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Newcastle Upon Tyne is the nearest large town to Whitley Bay.  It has a population of around 280,000 and like its name says, it grew up around the river Tyne.  Newcastle is situated on the north bank of a shallow gorge on the River Tyne. It is believed that the Romans first built a bridge on this site. Newcastle was the lowest point downstream at which the River Tyne could be bridged. Another bridge was built here in 1250.

In the 17th century nearby coal deposits encouraged the development of the glass industry. There were also local salt deposits and local people were also involved in the manufacture of soap. Coal, salt, soap and glass were transported from the town by coastal vessels and by the beginning of the 18th century Newcastle was the most important town in the North East.  Newcastle-upon-Tyne was a commercial as well as an industrial centre. The population grew steadily throughout the 19th century, going from 33,000 in 1801 to 109,000 in 1861. The prosperity of 19th century Newcastle is reflected in the architecture of John Dobson (1787-1865) and John Green (1787-1852).

The picture to the left (click to enlarge as usual!) shows how Newcastle looked in 1875.  The rest of this page, we'll show you how it looks now!  We took a special trip into Newcastle to show Stanley a few of its delights - there are many old, impressive buildings around Newcastle, but we decided on a trip to the Quayside.

Getting into Newcastle from Whitley Bay takes around 20 minutes by road, but then car parking can be expensive.  We like to take the Metro, a train which travels from Whitley Bay and goes underground when it reaches Newcastle.  It takes about 30 minutes to Monument, the station which is close to the Theatre Royal, most of the shops, and the waterfront.

Flat Stanley preferred the Metro to the car!

The quayside has had lots of work done since 2000, with a lot of money spent on improving it.  This building is the most recent addition; it's called "The Sage" and it's a centre for music, with concerts and exhibitions.  It looks really weird and cool!  We haven't been in yet, but we will soon.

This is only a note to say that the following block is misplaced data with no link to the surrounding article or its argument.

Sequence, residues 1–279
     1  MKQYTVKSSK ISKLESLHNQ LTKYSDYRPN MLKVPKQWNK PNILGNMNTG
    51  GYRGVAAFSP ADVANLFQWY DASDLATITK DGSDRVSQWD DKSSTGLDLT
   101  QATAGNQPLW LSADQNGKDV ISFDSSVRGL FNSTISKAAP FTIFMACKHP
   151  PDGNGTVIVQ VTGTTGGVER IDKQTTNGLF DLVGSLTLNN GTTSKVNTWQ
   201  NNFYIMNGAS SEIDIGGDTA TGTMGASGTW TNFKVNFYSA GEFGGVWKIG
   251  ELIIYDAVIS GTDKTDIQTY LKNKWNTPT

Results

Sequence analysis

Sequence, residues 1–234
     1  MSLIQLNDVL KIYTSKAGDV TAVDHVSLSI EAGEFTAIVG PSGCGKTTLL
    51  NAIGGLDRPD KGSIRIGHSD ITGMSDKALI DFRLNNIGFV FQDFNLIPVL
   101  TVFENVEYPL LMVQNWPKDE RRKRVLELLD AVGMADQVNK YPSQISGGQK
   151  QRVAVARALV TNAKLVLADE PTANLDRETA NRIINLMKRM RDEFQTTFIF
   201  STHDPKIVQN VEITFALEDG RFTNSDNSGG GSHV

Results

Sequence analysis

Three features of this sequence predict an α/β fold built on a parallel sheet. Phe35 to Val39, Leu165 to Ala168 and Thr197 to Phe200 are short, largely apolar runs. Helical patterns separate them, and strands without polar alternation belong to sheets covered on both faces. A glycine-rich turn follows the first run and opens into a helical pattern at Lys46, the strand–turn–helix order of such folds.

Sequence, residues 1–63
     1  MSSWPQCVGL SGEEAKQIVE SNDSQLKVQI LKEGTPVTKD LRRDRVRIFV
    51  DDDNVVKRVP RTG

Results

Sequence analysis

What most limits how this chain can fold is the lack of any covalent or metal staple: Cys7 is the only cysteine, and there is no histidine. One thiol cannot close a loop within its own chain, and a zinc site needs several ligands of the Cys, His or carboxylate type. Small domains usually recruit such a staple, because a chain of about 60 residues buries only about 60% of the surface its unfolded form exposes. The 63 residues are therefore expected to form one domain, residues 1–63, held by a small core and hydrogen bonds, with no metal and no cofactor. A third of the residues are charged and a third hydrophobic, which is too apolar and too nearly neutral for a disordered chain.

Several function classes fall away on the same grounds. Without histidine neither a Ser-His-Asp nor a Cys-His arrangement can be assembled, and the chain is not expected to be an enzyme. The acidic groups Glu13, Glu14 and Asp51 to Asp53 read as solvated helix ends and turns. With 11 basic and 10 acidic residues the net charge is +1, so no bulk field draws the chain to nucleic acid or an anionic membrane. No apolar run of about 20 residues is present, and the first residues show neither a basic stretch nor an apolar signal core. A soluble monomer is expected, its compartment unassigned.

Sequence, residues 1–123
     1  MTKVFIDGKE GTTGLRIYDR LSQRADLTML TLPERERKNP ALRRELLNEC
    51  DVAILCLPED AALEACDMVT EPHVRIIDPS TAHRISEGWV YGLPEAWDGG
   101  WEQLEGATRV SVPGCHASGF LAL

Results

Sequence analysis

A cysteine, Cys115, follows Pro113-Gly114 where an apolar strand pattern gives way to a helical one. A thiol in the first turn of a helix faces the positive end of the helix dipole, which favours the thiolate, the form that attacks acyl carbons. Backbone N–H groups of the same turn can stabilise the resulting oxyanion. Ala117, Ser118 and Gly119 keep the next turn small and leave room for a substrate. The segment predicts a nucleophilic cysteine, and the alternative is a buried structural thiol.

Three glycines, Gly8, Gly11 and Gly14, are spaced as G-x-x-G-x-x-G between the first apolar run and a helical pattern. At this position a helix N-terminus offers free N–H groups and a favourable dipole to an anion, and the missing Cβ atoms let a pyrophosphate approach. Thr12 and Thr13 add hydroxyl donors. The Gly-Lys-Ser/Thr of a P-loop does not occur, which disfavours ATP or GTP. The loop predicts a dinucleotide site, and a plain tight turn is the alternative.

The Millennium Bridge was built to celebrate the Millennium (obviously!).  It's a great-looking bridge that you can walk or cycle over.

It's really good to walk over as you get a great view up and down the river, and you can even see the river straight down between your feet - a long way below!  Our Dad is scared...

So ships can pass underneath, the whole bridge tilts - the top part in the second photo moves to the right, lifting the footbridge at the bottom of the cables up.  You wouldn't want to be on the bridge when that happens!

When the bridge tilts, it looks like a huge eye winking.

The Tyne Bridge is in the background here, and is a very famous bridge.  It is the thing that most people think of when they think about Newcastle - it's even on the beer bottles!
The old Baltic Flour Mill has been a feature of the Quayside for many years.  Disused for ages, in recent years it has been renovated and turned into a centre for modern art.

It looks nicer and cleaner now, and at least it's being used, but...we went around it last year.  We spent most of the time saying "Well, what's that meant to be then?" and stuff like that.  It's a great building and very high, but the modern art they put in it doesn't do anything for us - we saw it all in less than 45 minutes, and didn't see anything we liked!

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